Moving computing equipment isn’t as simple as unplugging a server and loading it into a truck. If not deinstalled and transported properly, hardware components can be seriously damaged by electrostatic discharge, exposure to magnetic fields, and physical abuse. A third-party contractor who specializes in equipment migration can help ensure that all IT hardware arrives at the new location in the best possible condition, allowing their customers to enjoy the benefits of colocation without having to replace equipment.

6. Verify equipment needs at the new site.

Moving into a new IT environment is a major shift for an organization’s data center business plan. Equipment needs that have long been taken for granted may require special accommodations when moved to a new location. The migration team should make sure that the physical configurations of all equipment are in alignment with the provider’s infrastructure. If additional components need to be deployed for a successful installation, it’s better to secure them long before the hardware arrives at the new facility.

7. Make sure equipment is thoroughly cataloged.

While it should go without saying that every piece of equipment needs to be documented and accounted for, thorough cataloging should go beyond a simple hardware checklist. That means not just documenting which servers will be moved, but also what cables, power supplies, and fuses are involved in their operation. Failing to account for a single fuse could create massive headaches when trying to get systems online within the new data center infrastructure.

8. Consider the provider’s equipment recommendations.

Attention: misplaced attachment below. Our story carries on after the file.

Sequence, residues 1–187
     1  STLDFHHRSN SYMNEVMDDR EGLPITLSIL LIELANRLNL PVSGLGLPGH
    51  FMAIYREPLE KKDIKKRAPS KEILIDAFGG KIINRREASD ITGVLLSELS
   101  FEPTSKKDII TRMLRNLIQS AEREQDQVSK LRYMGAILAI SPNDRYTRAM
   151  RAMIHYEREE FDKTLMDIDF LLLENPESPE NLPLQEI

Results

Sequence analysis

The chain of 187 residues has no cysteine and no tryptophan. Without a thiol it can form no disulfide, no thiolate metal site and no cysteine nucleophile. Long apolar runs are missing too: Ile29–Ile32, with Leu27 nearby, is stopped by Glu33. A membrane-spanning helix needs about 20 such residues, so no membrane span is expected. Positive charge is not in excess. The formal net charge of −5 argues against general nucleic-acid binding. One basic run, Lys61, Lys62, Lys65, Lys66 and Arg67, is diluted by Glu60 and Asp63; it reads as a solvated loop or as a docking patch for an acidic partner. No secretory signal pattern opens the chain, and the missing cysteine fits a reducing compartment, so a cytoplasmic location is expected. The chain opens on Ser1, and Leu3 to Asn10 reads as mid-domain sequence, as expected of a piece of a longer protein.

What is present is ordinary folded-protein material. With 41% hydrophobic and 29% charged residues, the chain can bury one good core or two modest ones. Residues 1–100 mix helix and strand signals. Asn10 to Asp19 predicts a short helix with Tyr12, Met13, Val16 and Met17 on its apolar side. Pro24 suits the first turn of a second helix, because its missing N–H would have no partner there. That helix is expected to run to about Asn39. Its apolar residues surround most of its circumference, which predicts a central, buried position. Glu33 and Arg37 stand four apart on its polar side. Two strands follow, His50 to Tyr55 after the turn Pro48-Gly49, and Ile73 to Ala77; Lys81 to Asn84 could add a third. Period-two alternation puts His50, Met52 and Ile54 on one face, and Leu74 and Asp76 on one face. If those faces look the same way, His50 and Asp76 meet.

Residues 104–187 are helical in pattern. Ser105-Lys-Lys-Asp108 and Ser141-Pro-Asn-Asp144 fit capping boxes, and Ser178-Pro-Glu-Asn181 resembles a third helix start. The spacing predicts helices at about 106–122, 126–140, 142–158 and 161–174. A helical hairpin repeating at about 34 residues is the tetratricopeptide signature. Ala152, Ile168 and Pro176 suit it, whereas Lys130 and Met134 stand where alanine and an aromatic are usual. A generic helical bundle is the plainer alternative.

Colocation data centers have seen their share of successful and troubled migrations alike over the years. Data center personnel know their infrastructure inside and out, and they also know what equipment works best. When it comes to provisioning power strips, cabling, and other equipment, colocation providers can offer advice on what the most successful data center migrations have utilized.

9. Provision new network services in advance before disconnecting existing services.

Internet connectivity and cloud providers often take several weeks to implement new network services for their customers. The last thing a company wants is to move into a new colocation environment only to discover that their network won’t be up and running for several days. While this may involve paying for parallel services, the cost is often worthwhile if it avoids unnecessary downtime and facilitates a seamless data center relocation. The migration budget and timetable should account for when services are provisioned and disconnected.

10. Don’t make assumptions.

No aspect of a data center migration should be taken for granted. Making assumptions can result in miscommunication and delays at best and costly downtime or damaged equipment at worst. Organizations should work with their new data center provider every step of the way to confirm migration details and identify potential pitfalls. Function and service availability for both long-haul and local connectivity, for instance, should be verified long before a single piece of equipment is moved. Once hardware is on-site, all power ports and configurations should be tested prior to installation. After so much planning and budgeting, nothing should be taken to chance.

Making the move to a new data center environment is a challenging task for an organization, but one that can help it to grow and become more successful in the future. When the time comes for a data center relocation, companies need to approach the task with a detail-oriented process that assesses risk appropriately and sets realistic expectations for the move. With a good project management plan in place and a comprehensive data center migration checklist, they can set the wheels in motion to migrate with confidence.